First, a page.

Capitol Police Chief Steven Sund and the Sergeants-at-Arms for the Senate and House of Representatives have all resigned in the aftermath of the attack.

Ryan said Congress would appropriate additional funds to ensure that Biden's inauguration on January 20 would be safe.

He also said Monday that he would vote for a resolution asking Vice President Mike Pence to invoke the 25th Amendment to strip powers from Trump, and would vote to impeach Trump if Pence wouldn't take that step.

Expanded Coverage Module: capitol-siege-module
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Pennsylvania lawyers shredded Rudy Giuliani’s arguments in Trump’s biggest election lawsuit, calling them ‘disgraceful’ and ‘really inventive’

rudy giuliani
Rudy Giuliani at a news conference in the parking lot of a landscaping company on November 7 in Philadelphia.
  • Lawyers representing the Pennsylvania secretary of state's office criticized the Trump campaign's lead lawyer, Rudy Giuliani, in a court hearing on Tuesday.
  • Giuliani asked the judge to toss out nearly 700,000 mail ballots in Pennsylvania and block the state from certifying election results.
  • Mark Aronchick, one of the defense lawyers representing the Pennsylvania secretary of state's office, tore into Giuliani.
  • Aronchick said he was making arguments that were "disgraceful in an American courtroom."
  • Daniel Donovan, another defense lawyer, reminded the judge that despite Giuliani's claims of widespread fraud, the campaign's lawsuit did not make any such allegation.
  • Visit Business Insider's homepage for more stories.

Defense lawyers representing the Pennsylvania secretary of state's office tore into President Donald Trump's lead lawyer, Rudy Giuliani, during a Tuesday hearing in the Trump campaign's biggest lawsuit to date related to the 2020 election results.

Mark Aronchick, one of the defense lawyers, described Giuliani as living in a "fantasy world," called him "really inventive," and said he was making legal arguments that were "disgraceful in an American courtroom."

In the federal lawsuit, Trump's campaign is seeking to block Pennsylvania from certifying its election results and suing seven Democratic counties in the state, alleging unspecified inconsistencies in how different counties counted their ballots. During Tuesday's hearing before Judge Matthew Brann, Giuliani alleged that "big cities controlled by Democrats" were engaged in a vast election-rigging conspiracy that allowed 682,770 ballots to be counted illegally.

Giuliani took over as the main lawyer for the Trump campaign in the case after three other lawyers withdrew as counsel on Monday evening. On Tuesday, Giuliani said he determined that nearly 700,000 mail ballots were fraudulent by adding up ballots that were "cured" — a legal process where voters are allowed to fix technical issues with their ballots like a missing signature after casting them — in counties run by elected Democrats.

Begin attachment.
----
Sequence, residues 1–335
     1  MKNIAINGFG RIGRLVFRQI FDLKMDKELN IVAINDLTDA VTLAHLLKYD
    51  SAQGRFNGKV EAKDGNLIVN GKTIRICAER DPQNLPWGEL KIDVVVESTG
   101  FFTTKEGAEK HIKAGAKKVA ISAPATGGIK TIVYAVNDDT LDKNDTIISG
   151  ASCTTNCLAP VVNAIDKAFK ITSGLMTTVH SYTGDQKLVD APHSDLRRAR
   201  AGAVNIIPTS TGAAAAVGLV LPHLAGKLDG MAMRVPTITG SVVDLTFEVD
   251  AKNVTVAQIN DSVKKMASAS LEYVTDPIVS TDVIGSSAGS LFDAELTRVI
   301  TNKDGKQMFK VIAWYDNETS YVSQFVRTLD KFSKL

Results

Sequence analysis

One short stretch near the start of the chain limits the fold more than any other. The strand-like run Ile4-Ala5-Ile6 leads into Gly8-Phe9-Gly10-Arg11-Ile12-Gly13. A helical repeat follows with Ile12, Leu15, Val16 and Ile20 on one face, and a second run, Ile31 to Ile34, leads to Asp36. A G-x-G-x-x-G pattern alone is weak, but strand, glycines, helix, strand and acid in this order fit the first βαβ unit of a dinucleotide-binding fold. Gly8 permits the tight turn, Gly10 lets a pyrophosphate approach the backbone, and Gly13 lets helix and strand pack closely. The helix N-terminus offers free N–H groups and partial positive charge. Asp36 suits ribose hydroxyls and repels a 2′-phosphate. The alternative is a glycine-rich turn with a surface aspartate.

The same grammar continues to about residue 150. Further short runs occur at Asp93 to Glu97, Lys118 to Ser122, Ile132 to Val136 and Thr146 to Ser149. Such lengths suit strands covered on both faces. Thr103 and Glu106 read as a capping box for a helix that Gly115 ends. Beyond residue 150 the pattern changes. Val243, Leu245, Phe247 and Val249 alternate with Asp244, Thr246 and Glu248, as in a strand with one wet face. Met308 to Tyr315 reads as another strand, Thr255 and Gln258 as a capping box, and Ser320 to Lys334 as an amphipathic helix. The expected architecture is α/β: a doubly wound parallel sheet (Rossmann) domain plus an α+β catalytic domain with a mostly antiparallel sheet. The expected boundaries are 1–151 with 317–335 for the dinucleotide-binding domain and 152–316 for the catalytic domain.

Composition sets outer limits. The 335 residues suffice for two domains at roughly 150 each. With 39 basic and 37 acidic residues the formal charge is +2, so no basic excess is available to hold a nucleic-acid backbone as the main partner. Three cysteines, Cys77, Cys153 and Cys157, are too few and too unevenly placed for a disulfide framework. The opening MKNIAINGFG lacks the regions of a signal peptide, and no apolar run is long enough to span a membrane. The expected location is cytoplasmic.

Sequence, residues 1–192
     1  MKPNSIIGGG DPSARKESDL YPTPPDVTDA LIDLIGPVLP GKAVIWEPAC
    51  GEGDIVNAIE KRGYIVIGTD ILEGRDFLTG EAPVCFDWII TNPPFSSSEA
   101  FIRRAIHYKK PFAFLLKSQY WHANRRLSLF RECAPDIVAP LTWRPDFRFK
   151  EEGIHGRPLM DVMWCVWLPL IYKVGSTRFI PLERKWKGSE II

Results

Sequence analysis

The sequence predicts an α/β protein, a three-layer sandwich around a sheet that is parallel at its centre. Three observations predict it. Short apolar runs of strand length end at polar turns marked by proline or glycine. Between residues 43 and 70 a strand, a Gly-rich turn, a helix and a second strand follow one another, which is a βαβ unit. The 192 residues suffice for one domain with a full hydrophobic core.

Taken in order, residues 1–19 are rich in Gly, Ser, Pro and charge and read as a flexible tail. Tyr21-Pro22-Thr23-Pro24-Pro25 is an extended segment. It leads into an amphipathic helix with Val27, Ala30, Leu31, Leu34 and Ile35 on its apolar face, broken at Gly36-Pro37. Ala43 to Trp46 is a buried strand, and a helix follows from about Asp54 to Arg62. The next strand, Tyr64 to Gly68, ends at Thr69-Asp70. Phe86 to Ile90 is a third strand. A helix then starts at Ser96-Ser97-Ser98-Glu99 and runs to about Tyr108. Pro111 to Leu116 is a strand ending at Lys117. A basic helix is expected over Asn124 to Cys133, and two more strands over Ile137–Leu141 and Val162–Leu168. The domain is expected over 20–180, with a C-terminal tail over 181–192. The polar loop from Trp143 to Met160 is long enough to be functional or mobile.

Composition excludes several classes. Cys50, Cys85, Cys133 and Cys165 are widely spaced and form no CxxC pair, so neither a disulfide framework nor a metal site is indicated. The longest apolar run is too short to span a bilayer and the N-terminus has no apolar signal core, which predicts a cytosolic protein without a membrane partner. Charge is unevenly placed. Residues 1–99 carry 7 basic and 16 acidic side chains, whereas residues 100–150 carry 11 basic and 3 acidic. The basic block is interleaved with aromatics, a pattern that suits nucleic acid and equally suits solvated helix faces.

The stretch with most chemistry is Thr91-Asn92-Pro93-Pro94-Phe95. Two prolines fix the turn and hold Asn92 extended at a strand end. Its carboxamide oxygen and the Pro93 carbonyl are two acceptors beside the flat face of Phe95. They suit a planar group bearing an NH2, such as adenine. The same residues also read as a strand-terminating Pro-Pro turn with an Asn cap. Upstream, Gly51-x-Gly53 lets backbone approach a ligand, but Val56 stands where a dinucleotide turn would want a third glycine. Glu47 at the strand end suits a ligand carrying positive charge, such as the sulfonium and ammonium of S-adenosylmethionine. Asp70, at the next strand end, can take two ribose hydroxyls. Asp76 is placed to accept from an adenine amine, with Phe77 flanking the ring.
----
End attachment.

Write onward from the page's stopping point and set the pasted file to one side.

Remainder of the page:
He said the ballots should not be counted if they were processed in places where Republican election watchers said they could not sufficiently observe the ballot-counting process. Giuliani said that based on those issues, the entire state's election results should not be certified.

The former New York mayor also said that the state's different rules in different counties violated the equal-protection clause of the Constitution because they diluted the votes of people who live in counties with more restrictive voting rules.

Daniel Donovan, another defense lawyer in the case, pushed back and told the judge that despite Giuliani's claims of "widespread nationwide voter fraud," the Trump campaign's complaint did not include any allegation that a qualified Pennsylvania voter cast more than one ballot, that a voter submitted a mail ballot that was wrongly rejected, that someone ineligible to vote voted, or that voter fraud took place.

He also said the Trump campaign did not have the "standing" to bring the case because it was not directly affected by any of the issues it raised in the lawsuit.

"They are not defendants here," and "they're not voters" in any of the seven counties they alleged fraud in, Donovan said.

He added that the Trump campaign did not have the grounds to bring an equal-protection claim because allegations of state-law violations by state officials or unidentified third parties do not allow for federal constitutional arguments.

"Nothing in the Constitution" suggests "that we can micromanage" election administration to the degree the Trump campaign is trying to, Donovan said.

Aronchick didn't mince words when he spoke after Donovan. He tore into Giuliani, saying he was making unfounded allegations of widespread voter fraud and being prejudice against GOP election observers. He added that the issues "can't be hijacked into an equal-protection case."

"This is just disgraceful," Aronchick said of Giuliani's legal arguments. He also criticized the Trump campaign's claim that Democrats and election officials engaged in election rigging and said election workers who came out during the pandemic to make sure the process went smoothly were "patriots."

Later in the hearing, Donovan emphasized that a judge in a separate Pennsylvania case asked the Trump campaign if it had "any information to suggest that there was fraud in the election" or if it was alleging "that fraud had occurred." The campaign's lawyer denied that, saying, "To my knowledge at present, no."

Before Tuesday's hearing, Trump's legal team drastically scaled back its lawsuit, striking out numerous allegations.

But Giuliani repeatedly referenced those allegations on Tuesday and said parts of the lawsuit were "mistakenly removed." Many of those arguments also appeared in a Pennsylvania state lawsuit that the state Supreme Court rejected earlier Tuesday.